Nanding Josef, who is concurrently the Artistic Director of Tanghalang Pilipino, played Willy Loman. Being the central character, everything about this play hangs on his performance and Mr. Josef nails it. He has the physical look of Willy down pat, with the sad face and the drooped shoulders, further emphasized by loose-fitting clothes and suspenders which can't stay up, all fully embodying this troubled and down-and-out character, tortured by his own forced retirement, the nightmare of a materialistic society. Josef shines in those big confrontation scenes he had where he was most real, like he was not only acting at all.

Gina Pareno played Willy's supportive wife Linda. At the start of the play, Ms. Pareno was rather tentative in her performance. There were several scenes when I could not make out anything she was saying because she was not projecting her voice loud enough. However, by the end of the first act, Linda had her biggest moment when she reveals to her two sons that she thought their father was trying to kill himself. Fortunately at this point, Pareno fully realized her character in a most riveting manner. Linda's real self finally bloomed for all of us to see and we will then understand her role in this family's fractured dynamics.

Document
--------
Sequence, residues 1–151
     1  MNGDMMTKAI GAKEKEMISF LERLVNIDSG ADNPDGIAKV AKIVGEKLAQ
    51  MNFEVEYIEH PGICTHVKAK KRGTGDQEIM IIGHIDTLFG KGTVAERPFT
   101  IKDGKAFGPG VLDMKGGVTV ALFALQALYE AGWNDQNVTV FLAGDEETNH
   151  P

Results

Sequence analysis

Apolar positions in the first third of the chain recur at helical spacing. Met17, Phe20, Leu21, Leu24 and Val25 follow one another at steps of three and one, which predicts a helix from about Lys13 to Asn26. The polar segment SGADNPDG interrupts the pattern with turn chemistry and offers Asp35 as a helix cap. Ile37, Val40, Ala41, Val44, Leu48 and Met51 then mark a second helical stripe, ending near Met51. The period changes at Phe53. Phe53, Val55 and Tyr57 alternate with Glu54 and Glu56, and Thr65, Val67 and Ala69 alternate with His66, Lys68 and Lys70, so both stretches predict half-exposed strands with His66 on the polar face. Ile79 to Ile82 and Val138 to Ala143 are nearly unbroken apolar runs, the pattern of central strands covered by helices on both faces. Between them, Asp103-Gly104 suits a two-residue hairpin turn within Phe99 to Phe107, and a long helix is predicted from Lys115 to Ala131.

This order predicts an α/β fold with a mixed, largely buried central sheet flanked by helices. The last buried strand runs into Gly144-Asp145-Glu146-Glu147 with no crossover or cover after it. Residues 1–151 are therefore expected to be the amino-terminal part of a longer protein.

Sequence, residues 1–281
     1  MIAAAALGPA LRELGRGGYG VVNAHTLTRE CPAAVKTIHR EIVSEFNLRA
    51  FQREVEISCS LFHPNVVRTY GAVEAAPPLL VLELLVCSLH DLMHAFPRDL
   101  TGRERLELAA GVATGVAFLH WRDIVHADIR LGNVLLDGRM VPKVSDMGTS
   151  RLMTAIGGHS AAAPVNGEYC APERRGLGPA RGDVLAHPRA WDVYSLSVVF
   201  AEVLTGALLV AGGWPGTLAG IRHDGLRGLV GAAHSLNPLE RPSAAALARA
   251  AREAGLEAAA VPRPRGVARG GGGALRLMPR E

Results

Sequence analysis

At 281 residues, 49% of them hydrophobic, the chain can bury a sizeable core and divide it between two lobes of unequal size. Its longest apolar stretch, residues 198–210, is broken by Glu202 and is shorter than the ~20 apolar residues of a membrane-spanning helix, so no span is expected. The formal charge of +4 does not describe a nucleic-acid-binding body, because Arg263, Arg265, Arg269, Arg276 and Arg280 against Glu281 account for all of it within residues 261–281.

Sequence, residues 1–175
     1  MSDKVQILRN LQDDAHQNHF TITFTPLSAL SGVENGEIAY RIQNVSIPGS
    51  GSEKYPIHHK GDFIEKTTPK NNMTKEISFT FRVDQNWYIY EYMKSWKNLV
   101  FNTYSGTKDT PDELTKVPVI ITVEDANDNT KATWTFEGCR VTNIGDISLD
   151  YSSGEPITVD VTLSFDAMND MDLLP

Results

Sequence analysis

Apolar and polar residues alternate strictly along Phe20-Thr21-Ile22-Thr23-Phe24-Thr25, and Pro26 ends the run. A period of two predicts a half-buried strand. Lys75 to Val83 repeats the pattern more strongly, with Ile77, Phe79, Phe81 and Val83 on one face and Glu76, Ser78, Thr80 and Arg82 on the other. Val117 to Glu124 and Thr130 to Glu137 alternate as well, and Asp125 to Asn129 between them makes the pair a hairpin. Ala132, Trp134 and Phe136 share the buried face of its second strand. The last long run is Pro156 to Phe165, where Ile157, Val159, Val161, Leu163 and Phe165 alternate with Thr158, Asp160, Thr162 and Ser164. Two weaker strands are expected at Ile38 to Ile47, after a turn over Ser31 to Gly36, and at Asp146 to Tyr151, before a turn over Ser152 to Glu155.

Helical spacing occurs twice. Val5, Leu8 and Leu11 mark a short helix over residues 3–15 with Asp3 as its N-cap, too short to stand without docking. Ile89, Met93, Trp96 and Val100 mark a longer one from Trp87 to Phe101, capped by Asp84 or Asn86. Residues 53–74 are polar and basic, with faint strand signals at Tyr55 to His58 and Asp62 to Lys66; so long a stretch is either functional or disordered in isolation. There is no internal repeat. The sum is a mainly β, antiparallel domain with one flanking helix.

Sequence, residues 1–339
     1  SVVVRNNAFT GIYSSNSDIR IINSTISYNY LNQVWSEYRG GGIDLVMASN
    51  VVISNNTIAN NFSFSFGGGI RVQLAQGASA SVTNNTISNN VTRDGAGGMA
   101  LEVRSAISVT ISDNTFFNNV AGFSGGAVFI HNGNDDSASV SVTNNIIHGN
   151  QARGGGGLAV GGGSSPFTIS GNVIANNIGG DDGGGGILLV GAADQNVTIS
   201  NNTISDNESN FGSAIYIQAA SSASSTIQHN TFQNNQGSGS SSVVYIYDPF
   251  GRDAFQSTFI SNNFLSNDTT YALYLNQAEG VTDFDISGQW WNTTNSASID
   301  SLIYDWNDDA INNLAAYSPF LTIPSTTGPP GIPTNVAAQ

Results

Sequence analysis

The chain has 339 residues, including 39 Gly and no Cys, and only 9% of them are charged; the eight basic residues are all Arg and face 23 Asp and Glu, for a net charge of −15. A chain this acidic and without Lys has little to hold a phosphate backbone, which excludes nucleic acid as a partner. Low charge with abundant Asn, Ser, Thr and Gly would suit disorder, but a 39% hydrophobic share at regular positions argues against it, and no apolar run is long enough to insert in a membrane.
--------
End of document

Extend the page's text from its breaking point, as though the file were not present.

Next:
Yul Servo played Biff Loman, Willy's slacker 34 -year old eldest son who never realized his potential, a failed jock. I only knew Servo from some of his films that I have seen, and his screen performances tended to be uneven. For this play though, he had the perfect look for the character It was in the second act where his character finally explodes. Servo's climactic confrontation scene with his father is worth the price of admission in itself. That scene is sure to nab him Best Supporting Actor nominations and wins come awards season.